It seems that our beloved buddy Bluey has faced some difficulties. The producers of the widely popular kids’ cartoon show had to re-edit an episode after being heavily criticized for its content. The recent episode, named “Exercise,” garnered much backlash on social media with the accusation of promoting fat-shaming with unhealthy messages regarding body image, weight, and exercise, affecting children.
In the episode, the scene in question shows Bluey’s dad, Bandit getting ready in the bathroom when he is surprised by Bluey. He steps on the scale and says, “Oh man!” When Bluey asks what happened, Bandit responds that he soon needs to do some exercise. At that point, mom Chilli walks into the bathroom and says to dad, “Tell me about it,” when Bandit sighs by grabbing his tummy with a frustrated expression. Then Bluey asks her dad why he doesn’t start some exercise routines. Bandit answers that it’s for the “same old reason” – work and the kids. After a conversation about how Bandit won’t be able to do exercise because he needs to go to work timely, mom Chilli then steps on the scale and repeats the same reaction by groaning, “Oh man!”
The perception of both dad Bandit and mom Chili in this particular Bluey episode met stark criticisms, as expressing such unhappiness and disgust with one’s body weight is certainly not a model behavior for children to follow. Especially amidst a scenario where body image is already a worrying issue among children of all ages. Also, though it’s true for most families, it’s not prudent to tell kids to their faces that they’re the reason their parents don’t have time for doing important things. Thankfully, ABC (Australian Broadcasting Corporation) took care of the matter pretty quickly by republishing a new version of the same Bluey episode, with the important topic of body image but without the questionable question.
Everyone wants to do their best to raise healthy and happy children. It’s important to pay frequent visits to your family physician to make sure you’re providing your little ones with the nutrition that they need to thrive. These are some of the top nutrients kids should be consuming regularly!
Good Nutrition Starts With Vitamin D
Vitamin D supports bone health, reduces inflammation, and improves immunity. Our bodies can produce vitamin D during exposure to the sun, but it’s also found in vitamin D-fortified milk, fortified cereals, salmon, and trout.
Mother’s milk doesn’t provide vitamin D, so kids from 0-6 months old and during infancy might require a supplement. Discuss this with the family pediatrician. Introducing vitamin D-rich foods into the nutrition of toddlers, young children, and teenagers becomes much easier.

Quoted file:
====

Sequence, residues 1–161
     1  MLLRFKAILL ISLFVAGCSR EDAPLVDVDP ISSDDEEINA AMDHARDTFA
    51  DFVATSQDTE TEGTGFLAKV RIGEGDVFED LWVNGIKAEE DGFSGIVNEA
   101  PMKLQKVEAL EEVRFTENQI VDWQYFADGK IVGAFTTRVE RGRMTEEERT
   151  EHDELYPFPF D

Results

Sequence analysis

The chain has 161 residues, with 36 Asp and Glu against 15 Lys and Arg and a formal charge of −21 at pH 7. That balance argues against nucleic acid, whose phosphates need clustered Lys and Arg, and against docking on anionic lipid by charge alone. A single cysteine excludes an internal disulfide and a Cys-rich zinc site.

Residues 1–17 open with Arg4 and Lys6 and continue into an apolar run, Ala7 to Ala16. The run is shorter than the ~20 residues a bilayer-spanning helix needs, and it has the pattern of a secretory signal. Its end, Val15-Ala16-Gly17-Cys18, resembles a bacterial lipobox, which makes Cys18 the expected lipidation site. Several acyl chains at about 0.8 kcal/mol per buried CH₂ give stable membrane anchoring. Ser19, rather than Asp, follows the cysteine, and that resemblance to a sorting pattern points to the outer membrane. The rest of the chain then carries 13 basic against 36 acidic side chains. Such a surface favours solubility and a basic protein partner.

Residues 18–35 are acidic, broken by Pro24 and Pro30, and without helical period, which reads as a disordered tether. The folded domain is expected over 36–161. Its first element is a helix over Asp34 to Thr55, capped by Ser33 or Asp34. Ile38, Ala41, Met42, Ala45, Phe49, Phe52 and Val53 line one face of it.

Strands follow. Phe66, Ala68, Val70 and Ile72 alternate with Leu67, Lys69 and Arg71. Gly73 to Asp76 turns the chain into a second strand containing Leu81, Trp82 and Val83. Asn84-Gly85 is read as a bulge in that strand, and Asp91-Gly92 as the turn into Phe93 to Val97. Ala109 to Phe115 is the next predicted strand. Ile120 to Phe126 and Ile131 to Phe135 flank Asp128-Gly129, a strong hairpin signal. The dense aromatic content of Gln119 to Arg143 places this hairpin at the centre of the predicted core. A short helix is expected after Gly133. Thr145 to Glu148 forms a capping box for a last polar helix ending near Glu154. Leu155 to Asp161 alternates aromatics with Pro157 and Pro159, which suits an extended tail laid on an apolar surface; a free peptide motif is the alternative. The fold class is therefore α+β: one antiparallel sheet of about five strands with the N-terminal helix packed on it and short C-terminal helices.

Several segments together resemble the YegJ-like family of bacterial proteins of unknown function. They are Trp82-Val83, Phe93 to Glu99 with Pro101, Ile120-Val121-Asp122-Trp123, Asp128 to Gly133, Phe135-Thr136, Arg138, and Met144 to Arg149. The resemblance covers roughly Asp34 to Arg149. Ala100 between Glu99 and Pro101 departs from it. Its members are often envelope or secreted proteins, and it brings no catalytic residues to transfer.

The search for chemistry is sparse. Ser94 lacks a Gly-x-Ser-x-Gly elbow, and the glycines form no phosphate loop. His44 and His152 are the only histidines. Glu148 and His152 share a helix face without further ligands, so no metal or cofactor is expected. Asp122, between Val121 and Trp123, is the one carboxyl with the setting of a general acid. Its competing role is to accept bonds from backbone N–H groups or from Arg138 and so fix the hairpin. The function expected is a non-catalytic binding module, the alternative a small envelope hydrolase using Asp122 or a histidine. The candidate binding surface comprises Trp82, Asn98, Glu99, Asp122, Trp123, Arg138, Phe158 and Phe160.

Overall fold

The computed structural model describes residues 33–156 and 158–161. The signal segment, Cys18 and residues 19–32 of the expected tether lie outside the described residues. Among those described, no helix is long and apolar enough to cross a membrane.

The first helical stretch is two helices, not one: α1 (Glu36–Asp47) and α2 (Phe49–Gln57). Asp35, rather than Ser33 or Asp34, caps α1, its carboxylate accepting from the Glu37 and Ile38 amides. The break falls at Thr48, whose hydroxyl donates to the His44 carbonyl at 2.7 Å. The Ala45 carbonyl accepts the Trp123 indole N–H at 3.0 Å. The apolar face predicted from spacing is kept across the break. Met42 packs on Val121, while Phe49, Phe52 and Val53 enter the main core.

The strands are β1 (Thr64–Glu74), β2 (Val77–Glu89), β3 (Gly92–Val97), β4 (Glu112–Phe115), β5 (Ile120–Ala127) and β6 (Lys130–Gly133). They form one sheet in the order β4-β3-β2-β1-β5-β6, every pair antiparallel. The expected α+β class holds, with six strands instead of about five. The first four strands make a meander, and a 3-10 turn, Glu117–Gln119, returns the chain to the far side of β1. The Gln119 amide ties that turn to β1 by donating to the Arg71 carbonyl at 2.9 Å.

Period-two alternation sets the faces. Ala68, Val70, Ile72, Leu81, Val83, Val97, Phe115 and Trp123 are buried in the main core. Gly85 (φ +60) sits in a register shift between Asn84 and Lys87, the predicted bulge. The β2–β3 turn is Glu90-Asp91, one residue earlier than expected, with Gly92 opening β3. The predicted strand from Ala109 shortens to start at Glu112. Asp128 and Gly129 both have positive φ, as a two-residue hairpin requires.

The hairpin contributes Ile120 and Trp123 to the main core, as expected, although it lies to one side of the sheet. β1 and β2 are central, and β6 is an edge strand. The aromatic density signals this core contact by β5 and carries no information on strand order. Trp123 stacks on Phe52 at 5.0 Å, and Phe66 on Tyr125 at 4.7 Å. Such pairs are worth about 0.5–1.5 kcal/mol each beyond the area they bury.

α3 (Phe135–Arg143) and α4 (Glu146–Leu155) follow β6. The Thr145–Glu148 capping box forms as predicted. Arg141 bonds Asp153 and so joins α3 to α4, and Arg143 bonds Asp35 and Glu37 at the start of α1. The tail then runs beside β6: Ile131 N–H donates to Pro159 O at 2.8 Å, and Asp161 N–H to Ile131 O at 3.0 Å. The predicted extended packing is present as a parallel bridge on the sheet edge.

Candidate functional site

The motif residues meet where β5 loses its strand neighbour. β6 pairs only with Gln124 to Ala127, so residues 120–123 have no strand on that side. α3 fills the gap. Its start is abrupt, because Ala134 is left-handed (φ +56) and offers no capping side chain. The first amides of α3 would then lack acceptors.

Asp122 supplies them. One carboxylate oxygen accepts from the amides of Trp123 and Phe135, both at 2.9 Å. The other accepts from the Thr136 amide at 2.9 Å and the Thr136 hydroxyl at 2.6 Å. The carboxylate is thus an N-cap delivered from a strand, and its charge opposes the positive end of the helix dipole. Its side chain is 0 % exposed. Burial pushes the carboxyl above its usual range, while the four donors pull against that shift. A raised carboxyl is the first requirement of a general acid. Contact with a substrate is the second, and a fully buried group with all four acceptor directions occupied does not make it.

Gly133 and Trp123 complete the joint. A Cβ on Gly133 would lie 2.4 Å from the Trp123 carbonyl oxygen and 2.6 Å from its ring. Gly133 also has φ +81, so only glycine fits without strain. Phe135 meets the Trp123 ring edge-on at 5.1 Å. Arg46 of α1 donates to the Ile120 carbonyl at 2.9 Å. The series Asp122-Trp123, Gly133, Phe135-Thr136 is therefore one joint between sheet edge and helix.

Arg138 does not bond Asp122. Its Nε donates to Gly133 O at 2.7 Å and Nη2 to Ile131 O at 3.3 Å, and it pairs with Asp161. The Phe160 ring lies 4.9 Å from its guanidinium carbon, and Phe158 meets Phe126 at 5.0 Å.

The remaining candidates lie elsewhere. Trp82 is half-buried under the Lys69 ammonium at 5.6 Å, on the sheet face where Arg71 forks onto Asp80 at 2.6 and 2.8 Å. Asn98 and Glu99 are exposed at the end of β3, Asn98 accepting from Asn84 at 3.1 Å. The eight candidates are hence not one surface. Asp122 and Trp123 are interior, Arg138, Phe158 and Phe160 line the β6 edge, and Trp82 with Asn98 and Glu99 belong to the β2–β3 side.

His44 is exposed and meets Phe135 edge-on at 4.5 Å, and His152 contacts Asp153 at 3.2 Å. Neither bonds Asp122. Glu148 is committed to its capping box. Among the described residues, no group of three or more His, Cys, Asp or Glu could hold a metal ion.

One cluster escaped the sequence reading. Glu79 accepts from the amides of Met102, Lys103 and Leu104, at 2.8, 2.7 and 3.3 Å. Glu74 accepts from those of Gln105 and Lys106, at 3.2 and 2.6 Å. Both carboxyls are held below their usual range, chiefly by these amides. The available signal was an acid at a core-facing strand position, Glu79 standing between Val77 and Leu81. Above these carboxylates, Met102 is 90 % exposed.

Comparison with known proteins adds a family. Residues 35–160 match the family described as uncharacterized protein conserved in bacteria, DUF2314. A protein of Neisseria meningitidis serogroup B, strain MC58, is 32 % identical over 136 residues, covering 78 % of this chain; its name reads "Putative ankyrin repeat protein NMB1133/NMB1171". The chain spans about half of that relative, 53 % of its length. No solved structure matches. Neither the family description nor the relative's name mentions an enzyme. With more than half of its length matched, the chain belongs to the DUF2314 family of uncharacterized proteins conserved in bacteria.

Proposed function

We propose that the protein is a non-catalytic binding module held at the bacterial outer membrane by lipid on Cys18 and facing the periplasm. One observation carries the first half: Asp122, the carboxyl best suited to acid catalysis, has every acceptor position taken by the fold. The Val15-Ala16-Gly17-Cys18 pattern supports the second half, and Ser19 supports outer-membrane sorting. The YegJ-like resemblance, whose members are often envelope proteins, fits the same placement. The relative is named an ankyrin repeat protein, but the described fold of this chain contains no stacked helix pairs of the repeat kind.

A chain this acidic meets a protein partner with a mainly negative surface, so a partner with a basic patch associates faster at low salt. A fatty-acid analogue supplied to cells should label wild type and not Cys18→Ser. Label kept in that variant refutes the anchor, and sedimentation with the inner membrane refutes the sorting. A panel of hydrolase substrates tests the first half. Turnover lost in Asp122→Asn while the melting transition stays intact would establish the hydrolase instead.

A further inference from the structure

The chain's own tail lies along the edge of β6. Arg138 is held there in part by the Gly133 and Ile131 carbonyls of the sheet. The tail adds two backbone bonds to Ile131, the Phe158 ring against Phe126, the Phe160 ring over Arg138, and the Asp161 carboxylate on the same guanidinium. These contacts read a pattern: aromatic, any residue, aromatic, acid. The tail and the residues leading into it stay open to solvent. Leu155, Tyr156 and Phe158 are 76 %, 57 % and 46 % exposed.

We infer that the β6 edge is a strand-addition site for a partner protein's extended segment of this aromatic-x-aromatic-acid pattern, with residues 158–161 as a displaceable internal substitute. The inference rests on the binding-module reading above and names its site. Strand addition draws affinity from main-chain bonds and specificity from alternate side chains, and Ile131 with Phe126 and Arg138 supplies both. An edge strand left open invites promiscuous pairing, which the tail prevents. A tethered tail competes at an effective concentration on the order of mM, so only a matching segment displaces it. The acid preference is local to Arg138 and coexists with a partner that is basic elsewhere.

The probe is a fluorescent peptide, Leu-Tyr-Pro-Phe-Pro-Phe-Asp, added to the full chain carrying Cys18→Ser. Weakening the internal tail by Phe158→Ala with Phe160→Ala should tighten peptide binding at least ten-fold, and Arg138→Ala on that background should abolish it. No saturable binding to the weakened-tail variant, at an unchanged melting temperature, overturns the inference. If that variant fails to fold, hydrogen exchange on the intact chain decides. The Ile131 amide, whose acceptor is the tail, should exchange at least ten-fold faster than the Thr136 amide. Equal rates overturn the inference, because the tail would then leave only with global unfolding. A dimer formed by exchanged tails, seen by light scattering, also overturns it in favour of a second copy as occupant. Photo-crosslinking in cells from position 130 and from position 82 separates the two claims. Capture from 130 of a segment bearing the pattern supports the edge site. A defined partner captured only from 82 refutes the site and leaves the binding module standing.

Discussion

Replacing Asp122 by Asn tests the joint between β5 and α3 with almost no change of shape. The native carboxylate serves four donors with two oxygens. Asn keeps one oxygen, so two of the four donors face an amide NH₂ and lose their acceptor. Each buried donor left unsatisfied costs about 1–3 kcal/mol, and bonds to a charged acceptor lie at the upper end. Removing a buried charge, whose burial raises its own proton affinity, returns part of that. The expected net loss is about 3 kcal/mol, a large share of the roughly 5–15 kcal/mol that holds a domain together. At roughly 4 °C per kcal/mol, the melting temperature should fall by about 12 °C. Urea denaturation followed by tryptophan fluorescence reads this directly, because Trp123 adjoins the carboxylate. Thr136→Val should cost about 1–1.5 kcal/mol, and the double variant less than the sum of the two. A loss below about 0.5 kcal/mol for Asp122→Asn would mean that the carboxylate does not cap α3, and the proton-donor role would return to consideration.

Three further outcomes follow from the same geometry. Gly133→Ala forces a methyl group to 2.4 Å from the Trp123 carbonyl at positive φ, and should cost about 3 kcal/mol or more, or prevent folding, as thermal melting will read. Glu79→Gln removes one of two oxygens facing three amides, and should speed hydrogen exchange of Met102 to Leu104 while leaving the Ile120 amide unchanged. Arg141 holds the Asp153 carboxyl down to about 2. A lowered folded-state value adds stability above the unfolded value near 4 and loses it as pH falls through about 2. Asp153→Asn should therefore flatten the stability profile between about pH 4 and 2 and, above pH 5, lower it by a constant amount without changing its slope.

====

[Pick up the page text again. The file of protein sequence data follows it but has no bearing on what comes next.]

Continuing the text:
Don’t Forget Omega 3
This is an essential fatty acid and one of the main nutrients required for fast brain development in the first two years of life. Past that point, Omega 3 remains very valuable for healthy eye function, the cardiovascular system, and the central nervous system. It’s found in chia seeds, flaxseeds, canola oil, sardines, salmon, walnuts, mackerel, and herring.
As mother’s milk and formula contain Omega 3 DHA, babies 0-6 months and infants usually receive a sufficient amount. Toddlers and young children need 0.7 to 0.9 grams of Omega 3 per day, and past the age of nine, the proper intake goes up to 1 or 1.6 grams a day.
Calcium for Growing Bones
Calcium is most famously known for building strong teeth and bones. It’s found in cow’s milk, cheese, yogurt, broccoli, almonds, spinach, kale, and fortified plant-based milk.
Mother’s milk and formula contain good amounts of calcium. After six months, think of introducing broccoli, tofu, or yogurt. Toddlers and young kids need 700-1000 milligrams of calcium per day. At the age of nine and older, the requirements increase to 1000-1300 milligrams.
Serve Zinc and Iron-Rich Foods
Zinc is important for proper wound healing and a good immune system. Iron helps the body produce energy and carries oxygen in red blood cells. It’s also needed for brain development and growth. Both these minerals are found in meat, fortified cereal, certain legumes, and other sources.
After six months, start introducing some iron and zinc-rich foods. Make sure that these minerals stay regular in your child’s nutrition up to and past the age of nine.
Provide Enough Potassium
Potassium is an electrolyte mineral that regulates the level of fluids in cells, helps muscles contract, aids nerve function, and helps maintain a regular heartbeat. It’s bountiful in bananas, potatoes, oranges, grapefruit, spinach, and other sources.
A well-balanced diet should provide all the nutrition a growing child needs, but an occasional checkup and conversation with the family pediatrician is a good idea!